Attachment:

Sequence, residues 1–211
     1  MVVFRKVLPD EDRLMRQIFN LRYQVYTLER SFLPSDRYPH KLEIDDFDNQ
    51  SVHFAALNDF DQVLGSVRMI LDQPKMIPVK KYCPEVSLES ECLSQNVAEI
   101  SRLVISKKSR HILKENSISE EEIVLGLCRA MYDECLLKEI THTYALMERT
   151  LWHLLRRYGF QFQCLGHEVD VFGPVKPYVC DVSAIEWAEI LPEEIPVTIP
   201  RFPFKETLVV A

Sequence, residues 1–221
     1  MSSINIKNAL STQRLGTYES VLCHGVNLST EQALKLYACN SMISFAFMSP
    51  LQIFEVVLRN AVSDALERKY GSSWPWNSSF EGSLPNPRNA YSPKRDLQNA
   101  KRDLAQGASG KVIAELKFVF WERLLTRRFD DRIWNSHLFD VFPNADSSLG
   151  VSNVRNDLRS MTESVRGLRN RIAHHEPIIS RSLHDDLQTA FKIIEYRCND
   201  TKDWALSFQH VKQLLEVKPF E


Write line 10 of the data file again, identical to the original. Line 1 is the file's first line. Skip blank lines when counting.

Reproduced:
   101  KRDLAQGASG KVIAELKFVF WERLLTRRFD DRIWNSHLFD VFPNADSSLG